Oct

8

AskBwog: Does Ghostbusters Pay for the Lawns?

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Welcome back to Ask Bwog, a feature in which we answer the many burning questions of this campus.


ghostbusters
If you have ever had the pleasure of taking the Official Columbia Campus Tour, you probably heard this story from your tour guide: when Ghostbusters was filmed at Columbia in 1984, the university set up a fund into which all the proceeds from the movie would go. This happened to be significantly more than they had expected, and so Columbia decided to use this fund to maintain campus lawns.

Another popular variation of this tale is that Columbia agreed to allow Ghostbusters to film scenes on campus on the condition that they would pay for Columbia’s lawn maintenance. Sound familiar?

LIES!

According to several members of Columbia Facilities, this myth is completely untrue. Ghostbusters did film scenes for their movie here: Drs. Venkman, Stantz and Spengler conceive of their ghostbusting plan on the steps of Low, and the School of Psychology and Parapsychology is in Schermerhorn Havemeyer. But while the Ghostbusters would have had to pay for any damage to the lawns while filming, they have never contributed to the ongoing maintenance of Columbia lawns.

We’re all for the truth here at Bwog, but the story is interesting enough to bring out a little Columbia pride.  Tour guides, fib away.

– Mahrah Taufique

Photo via Wikipedia

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26 Comments

  1. Who at facilities?  

    This is probably the simplist, most concise form of investigative journalism Bwog has ever written.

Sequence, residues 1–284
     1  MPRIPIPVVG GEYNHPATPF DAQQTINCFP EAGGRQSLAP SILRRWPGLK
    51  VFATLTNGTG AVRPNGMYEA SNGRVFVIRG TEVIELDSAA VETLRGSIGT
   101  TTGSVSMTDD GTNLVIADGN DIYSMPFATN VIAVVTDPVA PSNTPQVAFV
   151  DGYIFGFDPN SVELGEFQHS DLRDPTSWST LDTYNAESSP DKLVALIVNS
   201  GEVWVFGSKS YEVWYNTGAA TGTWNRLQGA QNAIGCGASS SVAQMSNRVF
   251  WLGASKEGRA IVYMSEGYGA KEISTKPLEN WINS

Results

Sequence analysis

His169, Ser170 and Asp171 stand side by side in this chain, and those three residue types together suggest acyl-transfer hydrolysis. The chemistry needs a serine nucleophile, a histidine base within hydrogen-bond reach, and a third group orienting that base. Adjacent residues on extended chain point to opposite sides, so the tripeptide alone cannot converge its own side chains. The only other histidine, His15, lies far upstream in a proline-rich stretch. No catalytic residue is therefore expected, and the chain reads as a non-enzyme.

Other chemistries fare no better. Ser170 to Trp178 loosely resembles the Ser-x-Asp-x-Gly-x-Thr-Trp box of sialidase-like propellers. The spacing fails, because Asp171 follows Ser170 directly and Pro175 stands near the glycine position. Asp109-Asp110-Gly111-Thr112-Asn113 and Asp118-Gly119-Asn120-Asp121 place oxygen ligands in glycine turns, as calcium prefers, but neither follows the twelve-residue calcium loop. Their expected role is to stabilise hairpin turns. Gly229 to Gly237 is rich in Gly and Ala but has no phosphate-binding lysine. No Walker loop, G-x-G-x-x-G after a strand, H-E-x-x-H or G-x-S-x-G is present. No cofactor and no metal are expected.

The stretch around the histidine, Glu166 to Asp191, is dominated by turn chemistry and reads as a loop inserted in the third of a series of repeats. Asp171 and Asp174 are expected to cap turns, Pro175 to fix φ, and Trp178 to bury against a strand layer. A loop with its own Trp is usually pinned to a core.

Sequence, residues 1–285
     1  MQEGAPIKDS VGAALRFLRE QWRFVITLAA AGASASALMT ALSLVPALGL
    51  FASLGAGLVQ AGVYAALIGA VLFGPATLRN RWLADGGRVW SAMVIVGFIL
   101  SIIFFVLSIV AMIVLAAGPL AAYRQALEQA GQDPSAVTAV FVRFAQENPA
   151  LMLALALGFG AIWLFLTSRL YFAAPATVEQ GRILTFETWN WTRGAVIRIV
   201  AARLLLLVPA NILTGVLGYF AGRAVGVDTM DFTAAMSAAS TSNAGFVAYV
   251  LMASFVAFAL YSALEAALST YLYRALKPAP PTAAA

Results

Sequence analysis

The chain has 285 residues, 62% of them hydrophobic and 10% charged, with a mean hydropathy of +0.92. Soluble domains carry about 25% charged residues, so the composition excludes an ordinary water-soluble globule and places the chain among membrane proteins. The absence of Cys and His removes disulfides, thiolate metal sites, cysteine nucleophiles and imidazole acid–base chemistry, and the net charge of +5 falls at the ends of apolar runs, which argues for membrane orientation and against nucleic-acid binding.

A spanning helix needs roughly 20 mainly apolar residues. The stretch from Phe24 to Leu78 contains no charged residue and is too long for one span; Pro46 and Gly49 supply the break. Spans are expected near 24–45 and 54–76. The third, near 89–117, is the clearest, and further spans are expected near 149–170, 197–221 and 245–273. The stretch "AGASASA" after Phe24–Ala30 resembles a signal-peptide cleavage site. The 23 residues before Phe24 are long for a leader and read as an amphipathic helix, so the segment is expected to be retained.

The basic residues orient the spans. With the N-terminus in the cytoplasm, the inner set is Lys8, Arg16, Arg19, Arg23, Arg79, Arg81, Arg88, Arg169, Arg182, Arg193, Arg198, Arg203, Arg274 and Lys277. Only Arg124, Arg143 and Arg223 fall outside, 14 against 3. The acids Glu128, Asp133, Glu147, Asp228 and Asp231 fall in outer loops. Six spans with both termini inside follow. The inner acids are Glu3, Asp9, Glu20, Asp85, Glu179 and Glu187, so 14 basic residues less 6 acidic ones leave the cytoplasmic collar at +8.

Can you cite / quote real people and their positions? This is fascinating.

    I'd love to hear more stuff like this

  2. Wait  

    I thought it was Havermeyer.

    • Alum

      You're right. It's Havemeyer, not Schermerhorn. The lab scene where Bill Murray gives electric shocks to a male test subject while hitting on a young woman was actually filmed inside Havemeyer. (The producers wanted an indoor location on site in case it rained on a day they were scheduled to shoot outside.)

  3. IMDB TRIVIA  

    Bill Murray battled his own personal ghosts throughout the filming of Ghostbusters. He would often wake up at night, screaming lines cut from Stripes.

  4. yeah  

    the department of parapsychology was in havemeyer

  5. This  

    is so exciting. You're about to find out who you're gonna call!

  6. Does this mean

    its okay for the sprinklers on South Lawn to cross streams now?

  7. Alum

    I think Bwog is wrong about this one.

    When Ghostbusters was filmed in 1983 (1984 is when it was released), the western portion of South Field had no grass at all. Years of overuse by intrmural sports had compacted the soil to the point where nothing would grow there anymore. That's why CU now limits how much use each side can be put to.

    The compacted soil was dug up and trucked away over the summer of '84. CU then installed a new irrigation system, spread new topsoil over it and then sodded the field, which has been green ever since.

    Word at the time was that the project had indeed been financed by Ghostbusters location fees. Columbia used most location fees for campus maintenance, and Ghostbusters yielded a particularly large fee. Since the university had wanted to repair the lawn for years anyway, that's what it decided to do with the money.